Authors:F.A. Rodríguez-Zaragoza, M. Ortiz, F. Berrios, L. Campos, A. de Jesús-Navarrete, J. Castro-Pérez, A. Hernández-Flores, M. García-Rivas, F. Fonseca-Peralta, and E. Gallegos-Aguilar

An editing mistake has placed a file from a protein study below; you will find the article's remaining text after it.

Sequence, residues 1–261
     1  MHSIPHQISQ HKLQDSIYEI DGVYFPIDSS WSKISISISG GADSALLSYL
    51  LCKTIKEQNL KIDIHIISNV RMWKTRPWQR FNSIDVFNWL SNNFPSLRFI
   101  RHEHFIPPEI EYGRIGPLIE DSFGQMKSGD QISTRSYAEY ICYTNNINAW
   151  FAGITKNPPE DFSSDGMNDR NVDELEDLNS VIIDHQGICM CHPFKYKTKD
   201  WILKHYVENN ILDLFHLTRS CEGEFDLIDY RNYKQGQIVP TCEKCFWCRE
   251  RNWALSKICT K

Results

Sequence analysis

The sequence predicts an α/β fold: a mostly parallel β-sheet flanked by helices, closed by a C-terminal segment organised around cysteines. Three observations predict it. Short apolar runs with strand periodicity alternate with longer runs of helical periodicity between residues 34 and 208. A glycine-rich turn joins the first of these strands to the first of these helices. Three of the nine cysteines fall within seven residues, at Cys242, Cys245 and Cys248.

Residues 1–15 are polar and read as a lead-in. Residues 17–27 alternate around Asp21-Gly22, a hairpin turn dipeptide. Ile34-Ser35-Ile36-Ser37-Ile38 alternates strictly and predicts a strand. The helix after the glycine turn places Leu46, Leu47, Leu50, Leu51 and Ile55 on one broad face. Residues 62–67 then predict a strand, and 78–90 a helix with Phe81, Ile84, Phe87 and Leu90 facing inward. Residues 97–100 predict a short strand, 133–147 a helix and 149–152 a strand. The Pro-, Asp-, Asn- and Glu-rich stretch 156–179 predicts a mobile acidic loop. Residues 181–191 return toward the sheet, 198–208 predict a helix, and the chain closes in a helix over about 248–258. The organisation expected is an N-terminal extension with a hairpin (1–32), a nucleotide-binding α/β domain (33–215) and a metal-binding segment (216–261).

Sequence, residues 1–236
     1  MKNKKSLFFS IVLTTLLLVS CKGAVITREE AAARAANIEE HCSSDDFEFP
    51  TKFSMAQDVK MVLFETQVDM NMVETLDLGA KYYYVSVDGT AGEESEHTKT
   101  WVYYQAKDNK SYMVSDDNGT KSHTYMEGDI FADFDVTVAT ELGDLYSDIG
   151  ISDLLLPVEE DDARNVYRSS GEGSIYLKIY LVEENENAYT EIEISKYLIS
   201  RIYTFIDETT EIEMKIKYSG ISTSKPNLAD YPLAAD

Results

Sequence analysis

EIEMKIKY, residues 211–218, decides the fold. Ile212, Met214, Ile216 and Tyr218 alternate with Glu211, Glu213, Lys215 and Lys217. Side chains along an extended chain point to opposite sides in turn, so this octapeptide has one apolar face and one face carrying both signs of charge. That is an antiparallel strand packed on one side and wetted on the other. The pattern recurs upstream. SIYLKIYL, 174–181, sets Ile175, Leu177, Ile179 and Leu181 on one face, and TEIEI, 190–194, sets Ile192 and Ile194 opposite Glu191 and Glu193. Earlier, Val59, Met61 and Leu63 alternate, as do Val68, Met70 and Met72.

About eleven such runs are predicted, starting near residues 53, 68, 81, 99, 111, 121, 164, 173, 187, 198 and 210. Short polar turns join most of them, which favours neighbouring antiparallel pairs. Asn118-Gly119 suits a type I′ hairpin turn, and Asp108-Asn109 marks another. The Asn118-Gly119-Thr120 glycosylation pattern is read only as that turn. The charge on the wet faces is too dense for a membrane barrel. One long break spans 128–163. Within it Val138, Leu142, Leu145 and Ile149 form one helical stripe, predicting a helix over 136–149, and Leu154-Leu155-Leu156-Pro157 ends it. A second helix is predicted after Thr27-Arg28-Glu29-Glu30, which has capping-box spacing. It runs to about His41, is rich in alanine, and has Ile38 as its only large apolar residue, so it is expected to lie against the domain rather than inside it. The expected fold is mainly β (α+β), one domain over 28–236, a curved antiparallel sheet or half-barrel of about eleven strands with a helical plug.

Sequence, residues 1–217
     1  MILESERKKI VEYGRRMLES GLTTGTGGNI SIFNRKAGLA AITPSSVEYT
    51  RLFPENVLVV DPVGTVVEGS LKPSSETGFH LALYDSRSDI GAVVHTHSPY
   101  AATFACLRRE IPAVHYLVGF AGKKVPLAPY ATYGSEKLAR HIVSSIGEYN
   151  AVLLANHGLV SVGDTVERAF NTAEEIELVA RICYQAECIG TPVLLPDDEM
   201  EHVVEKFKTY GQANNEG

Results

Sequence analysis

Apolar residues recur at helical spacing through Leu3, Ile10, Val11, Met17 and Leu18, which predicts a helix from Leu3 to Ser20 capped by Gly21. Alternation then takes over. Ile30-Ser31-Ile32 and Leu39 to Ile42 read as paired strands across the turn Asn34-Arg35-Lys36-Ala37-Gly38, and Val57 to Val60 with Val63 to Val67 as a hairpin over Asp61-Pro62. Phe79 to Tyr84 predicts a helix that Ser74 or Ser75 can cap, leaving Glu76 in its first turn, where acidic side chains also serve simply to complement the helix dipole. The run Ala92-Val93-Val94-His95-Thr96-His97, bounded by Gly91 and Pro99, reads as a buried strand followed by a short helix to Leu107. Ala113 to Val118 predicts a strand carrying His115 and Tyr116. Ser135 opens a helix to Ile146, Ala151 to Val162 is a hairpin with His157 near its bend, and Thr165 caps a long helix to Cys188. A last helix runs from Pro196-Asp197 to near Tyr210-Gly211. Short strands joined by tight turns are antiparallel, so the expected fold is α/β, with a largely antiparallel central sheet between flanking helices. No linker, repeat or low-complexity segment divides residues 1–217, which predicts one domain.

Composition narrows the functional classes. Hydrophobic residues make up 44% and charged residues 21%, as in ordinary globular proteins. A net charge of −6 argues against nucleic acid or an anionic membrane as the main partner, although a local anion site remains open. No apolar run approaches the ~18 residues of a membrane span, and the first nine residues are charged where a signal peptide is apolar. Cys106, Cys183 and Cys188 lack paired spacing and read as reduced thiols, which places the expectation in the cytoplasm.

Banco Chinchorro is the largest reef in the Mexican Caribbean. Historically, spiny lobster, queen conch and over 20 other reef species have been exploited here. Multispecies intervention management from an ecosystem perspective has been developed in this area; however, an assessment of the effects of such practices on ecosystem health is required. Five quantitative trophic models were constructed using Ecopath with Ecosim. The results show that, in terms of biomass, benthic autotrophs are the dominant group in all communities. Ecosystem Network Analysis indices showed that Cueva de Tiburones was the most mature, developed, complex and healthy subsystem, but, El Colorado and La Baliza were the subsystems most resistant to disturbances. The fisheries mainly concentrate on primary (La Baliza and Cueva de Tiburones sites) and secondary consumers (La Caldera, Chancay, and El Colorado). The greatest propagation of direct and indirect effects, estimated by Mixed Trophic Impacts and Ecosim simulations, were generated by the benthic autotrophs, small benthic epifauna, benthic-pelagic carnivorous fish and benthic carnivorous fish, among others. In contrast, the System Recovery Time showed different patterns among subsystems, indicating several compartments that reduce resilience. Considering the structure, dynamics, trophic functioning and ecosystem health of Banco Chinchorro, its ecological heterogeneity highlights the need for the design of a specific (by subsystem) management strategy, particularly because different species or functional groups present greater sensitivity to human interventions in each community.